User namespaces have arrived in Docker!

02/08/2016 UPDATE: Check out my latest blog post on security and user namespaces now that Docker 1.10 is officially released.

01/13/2016 UPDATE: User namespaces have migrated out of experimental for inclusion in the Docker 1.10 release slated for February 2016. Minor changes have been made but the following post is still effectively correct.  The most significant change is that non-user namespace cached content (e.g. image layers) are no longer migrated to /var/lib/docker/0.0 but left in the root of the graph root directory, allowing for smooth upgrade/downgrade to and from 1.10 without impact.

Well, after a number of speed bumps along the way and a more than trivial number of discussions on the questions of how to implement and how to expose to users, I am happy to announce that our initial approach to user namespaces in Docker containers is now available.  As announced in the tweet below from Arnaud, for the Docker 1.9 release timeframe, the ability to enable user namespaces will be available only in the experimental build while we understand more completely the edges of the functionality and how it interacts with other key features in the Docker ecosystem.

Of course, your first question after all this excitement may be “So what are user namespaces?User namespaces are simply another containment namespace available in the Linux kernel (and the youngest of them all), similar to the key namespaces–like mount, uts, pid, and network–which are used to create these things we call containers.  If namespaces in general are a new topic, Michael Crosby‘s “Creating Containers” post is a worthy read on the topic.  For more specific details on the user namespace functionality in Linux, the “Namespaces in Operation, part 5” entry by Michael Kerrisk at is a great read.  Once you’ve brushed up on namespaces in general, and learned a bit more about user namespaces, you’ll probably understand that one of the most important features of user namespaces is that it allows containers to have a different view of the uid and gid ranges than the host system.  Specifically, a process (and in our case, the process(es) inside our container) can be provided a set of mappings from the host uid and gid space, such that when the process thinks it is running as uid 0 (commonly known as “root”), it may actually be running as uid 1000, or 10000, or even 34934322.  It all depends on the mappings we provide when we create the process inside a user namespace. Of course, it should be clear that from a security perspective this is a great feature as it allows our containers to continue running with root privileges, but without actually having any root privilege on the host.

In Docker’s case, we have provided a new daemon startup flag allowing the administrator to provide the name of a user, and optionally a group (or that user or group’s numeric ID), as the remapping user. Because the creators of the Linux user namespace functionality already thought through how to provide what they called subordinate ranges of user and group numeric IDs to a specific user using the /etc/subuid and /etc/subgid files, Docker then looks for that remapping user‘s ranges in the subordinate range files.  Those ranges are then used to create the maps during process creation when applications are started either via docker run or docker exec on this daemon instance.  More complete documentation is available on exactly how Docker uses these ranges in the user namespace experimental documentation.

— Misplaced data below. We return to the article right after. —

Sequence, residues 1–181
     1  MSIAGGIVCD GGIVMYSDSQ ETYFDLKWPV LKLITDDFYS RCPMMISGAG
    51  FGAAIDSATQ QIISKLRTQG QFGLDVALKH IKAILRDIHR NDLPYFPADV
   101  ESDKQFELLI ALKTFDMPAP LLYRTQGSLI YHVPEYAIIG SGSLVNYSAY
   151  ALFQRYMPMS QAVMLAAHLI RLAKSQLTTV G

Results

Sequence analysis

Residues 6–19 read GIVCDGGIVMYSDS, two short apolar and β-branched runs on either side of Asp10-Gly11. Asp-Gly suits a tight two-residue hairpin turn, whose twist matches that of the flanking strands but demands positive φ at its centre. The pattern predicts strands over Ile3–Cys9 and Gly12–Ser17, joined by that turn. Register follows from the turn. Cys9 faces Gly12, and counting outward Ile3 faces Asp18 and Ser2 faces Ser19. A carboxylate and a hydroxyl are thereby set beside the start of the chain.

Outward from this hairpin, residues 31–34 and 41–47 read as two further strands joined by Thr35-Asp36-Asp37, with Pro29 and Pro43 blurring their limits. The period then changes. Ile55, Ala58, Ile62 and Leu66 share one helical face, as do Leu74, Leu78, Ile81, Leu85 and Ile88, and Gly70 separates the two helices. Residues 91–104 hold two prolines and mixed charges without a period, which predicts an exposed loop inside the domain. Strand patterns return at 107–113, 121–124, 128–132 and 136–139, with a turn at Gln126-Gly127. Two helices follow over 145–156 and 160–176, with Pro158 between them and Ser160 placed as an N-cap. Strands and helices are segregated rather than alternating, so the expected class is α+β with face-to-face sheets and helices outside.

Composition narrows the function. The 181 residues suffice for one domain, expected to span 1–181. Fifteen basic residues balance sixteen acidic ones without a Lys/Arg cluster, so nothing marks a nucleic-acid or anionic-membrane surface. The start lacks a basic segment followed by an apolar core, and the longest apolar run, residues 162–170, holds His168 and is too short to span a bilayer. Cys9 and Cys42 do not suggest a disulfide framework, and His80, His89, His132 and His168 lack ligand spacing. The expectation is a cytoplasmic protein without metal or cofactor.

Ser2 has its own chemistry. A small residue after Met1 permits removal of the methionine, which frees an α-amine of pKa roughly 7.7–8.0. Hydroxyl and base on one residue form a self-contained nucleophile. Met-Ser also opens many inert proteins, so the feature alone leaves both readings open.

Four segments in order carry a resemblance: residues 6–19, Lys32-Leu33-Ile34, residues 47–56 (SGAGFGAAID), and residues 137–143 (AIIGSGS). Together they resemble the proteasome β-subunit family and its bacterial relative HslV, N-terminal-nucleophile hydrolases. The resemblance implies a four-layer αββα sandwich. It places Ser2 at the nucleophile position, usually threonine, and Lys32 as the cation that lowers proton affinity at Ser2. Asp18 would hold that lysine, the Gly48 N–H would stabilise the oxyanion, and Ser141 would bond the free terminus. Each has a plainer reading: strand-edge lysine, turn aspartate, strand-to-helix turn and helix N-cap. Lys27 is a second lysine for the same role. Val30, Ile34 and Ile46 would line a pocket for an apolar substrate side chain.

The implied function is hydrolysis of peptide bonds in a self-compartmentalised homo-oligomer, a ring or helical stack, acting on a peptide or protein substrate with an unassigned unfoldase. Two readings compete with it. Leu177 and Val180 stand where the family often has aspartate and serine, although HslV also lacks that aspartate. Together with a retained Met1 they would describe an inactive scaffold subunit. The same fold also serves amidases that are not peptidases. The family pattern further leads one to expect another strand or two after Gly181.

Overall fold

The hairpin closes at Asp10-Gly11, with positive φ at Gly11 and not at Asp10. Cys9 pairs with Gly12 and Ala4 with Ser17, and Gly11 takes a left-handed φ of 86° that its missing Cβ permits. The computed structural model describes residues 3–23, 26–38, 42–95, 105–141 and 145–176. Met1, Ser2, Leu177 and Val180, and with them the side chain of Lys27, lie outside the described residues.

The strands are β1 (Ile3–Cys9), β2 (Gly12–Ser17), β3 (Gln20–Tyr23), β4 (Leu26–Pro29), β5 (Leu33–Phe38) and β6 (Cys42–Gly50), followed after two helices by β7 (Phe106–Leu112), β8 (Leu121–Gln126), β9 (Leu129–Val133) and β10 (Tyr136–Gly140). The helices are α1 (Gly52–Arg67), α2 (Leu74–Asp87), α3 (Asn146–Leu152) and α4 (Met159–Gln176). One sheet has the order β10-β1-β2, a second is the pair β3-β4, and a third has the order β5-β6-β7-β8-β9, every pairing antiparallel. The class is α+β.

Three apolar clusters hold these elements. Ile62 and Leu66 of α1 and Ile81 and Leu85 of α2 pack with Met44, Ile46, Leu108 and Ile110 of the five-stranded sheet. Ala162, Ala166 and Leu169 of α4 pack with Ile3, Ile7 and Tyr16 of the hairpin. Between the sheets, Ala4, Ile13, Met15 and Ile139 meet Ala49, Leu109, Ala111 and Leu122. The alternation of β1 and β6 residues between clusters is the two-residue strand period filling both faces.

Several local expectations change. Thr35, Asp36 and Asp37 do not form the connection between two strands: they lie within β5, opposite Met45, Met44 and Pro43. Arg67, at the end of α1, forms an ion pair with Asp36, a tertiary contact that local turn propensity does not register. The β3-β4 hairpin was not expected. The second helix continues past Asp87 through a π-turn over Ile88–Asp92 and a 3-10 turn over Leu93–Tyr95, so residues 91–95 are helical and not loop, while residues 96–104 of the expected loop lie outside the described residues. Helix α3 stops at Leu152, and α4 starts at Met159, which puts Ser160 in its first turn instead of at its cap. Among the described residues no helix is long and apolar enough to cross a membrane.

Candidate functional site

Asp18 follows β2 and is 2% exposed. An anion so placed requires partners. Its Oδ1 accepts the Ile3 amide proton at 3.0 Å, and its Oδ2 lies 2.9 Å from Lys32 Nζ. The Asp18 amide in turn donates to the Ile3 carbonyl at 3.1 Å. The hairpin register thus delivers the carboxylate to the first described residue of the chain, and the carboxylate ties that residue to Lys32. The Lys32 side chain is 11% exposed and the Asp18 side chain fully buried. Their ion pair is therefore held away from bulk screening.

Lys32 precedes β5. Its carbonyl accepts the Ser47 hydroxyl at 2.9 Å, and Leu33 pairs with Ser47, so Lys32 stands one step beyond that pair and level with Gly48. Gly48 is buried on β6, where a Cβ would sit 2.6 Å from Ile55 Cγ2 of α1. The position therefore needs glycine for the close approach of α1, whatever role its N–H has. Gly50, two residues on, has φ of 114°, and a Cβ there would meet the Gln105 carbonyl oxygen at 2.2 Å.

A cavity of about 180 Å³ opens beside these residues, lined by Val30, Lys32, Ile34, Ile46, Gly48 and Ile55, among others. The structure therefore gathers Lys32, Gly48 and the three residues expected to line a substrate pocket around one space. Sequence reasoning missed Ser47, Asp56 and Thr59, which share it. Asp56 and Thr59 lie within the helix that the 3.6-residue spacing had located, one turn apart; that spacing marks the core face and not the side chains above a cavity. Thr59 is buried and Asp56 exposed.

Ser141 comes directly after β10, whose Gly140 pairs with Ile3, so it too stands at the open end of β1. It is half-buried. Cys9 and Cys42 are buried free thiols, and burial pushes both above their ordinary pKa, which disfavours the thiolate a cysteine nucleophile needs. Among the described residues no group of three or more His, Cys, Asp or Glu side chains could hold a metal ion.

Of course, the next step that users (and container cloud operators specifically) will want is the ability to specify mappings at the per-container level rather than per-daemon. In the case of a public cloud operator this would allow for the added security of each tenant having their own uid and gid ranges which have no overlap with other tenants–and of course we want to provide that ability. However, the critical missing functionality at this point is the ability to mount filesystems on Linux with a “shift offset” for the ownership information of each filesystem entry. Without this capability, Docker would have to “unshare” the filesystem components that today are shared using the various copy-on-write backend filesystem drivers available in Docker. This would mean a loss of the disk space savings that is provided in Docker: filesystem layers–for example the layers of the ubuntu:14.04 image–are shared between containers. Without a mount-with-uid-gid shift-like function, Docker would need to copy each root filesystem and then chown the entire tree of files using this shift-offset manually to get the ownership to match the specific mappings desired for the container process which will act on the filesystem. There is work going on in the Linux community to enable this behavior at the filesystem level, but it is unclear what the timeframe for this will be, and therefore, the “Phase 2” of user namespaces is hard to predict as far as when it can be implemented properly.